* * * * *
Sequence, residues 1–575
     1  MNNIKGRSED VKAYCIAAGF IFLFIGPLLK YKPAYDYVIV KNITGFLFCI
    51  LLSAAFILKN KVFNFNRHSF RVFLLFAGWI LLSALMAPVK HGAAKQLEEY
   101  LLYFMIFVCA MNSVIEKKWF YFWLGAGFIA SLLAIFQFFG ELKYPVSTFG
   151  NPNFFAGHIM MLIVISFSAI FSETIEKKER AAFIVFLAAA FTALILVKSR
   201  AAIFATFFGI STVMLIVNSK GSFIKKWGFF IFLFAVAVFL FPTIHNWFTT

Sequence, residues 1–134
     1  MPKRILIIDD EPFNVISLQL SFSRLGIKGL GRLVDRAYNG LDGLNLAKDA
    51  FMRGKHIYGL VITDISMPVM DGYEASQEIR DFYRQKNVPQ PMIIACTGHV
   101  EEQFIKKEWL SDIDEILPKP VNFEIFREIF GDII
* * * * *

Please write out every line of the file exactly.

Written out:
Sequence, residues 1–575
     1  MNNIKGRSED VKAYCIAAGF IFLFIGPLLK YKPAYDYVIV KNITGFLFCI
    51  LLSAAFILKN KVFNFNRHSF RVFLLFAGWI LLSALMAPVK HGAAKQLEEY
   101  LLYFMIFVCA MNSVIEKKWF YFWLGAGFIA SLLAIFQFFG ELKYPVSTFG
   151  NPNFFAGHIM MLIVISFSAI FSETIEKKER AAFIVFLAAA FTALILVKSR
   201  AAIFATFFGI STVMLIVNSK GSFIKKWGFF IFLFAVAVFL FPTIHNWFTT

Sequence, residues 1–134
     1  MPKRILIIDD EPFNVISLQL SFSRLGIKGL GRLVDRAYNG LDGLNLAKDA
    51  FMRGKHIYGL VITDISMPVM DGYEASQEIR DFYRQKNVPQ PMIIACTGHV
   101  EEQFIKKEWL SDIDEILPKP VNFEIFREIF GDII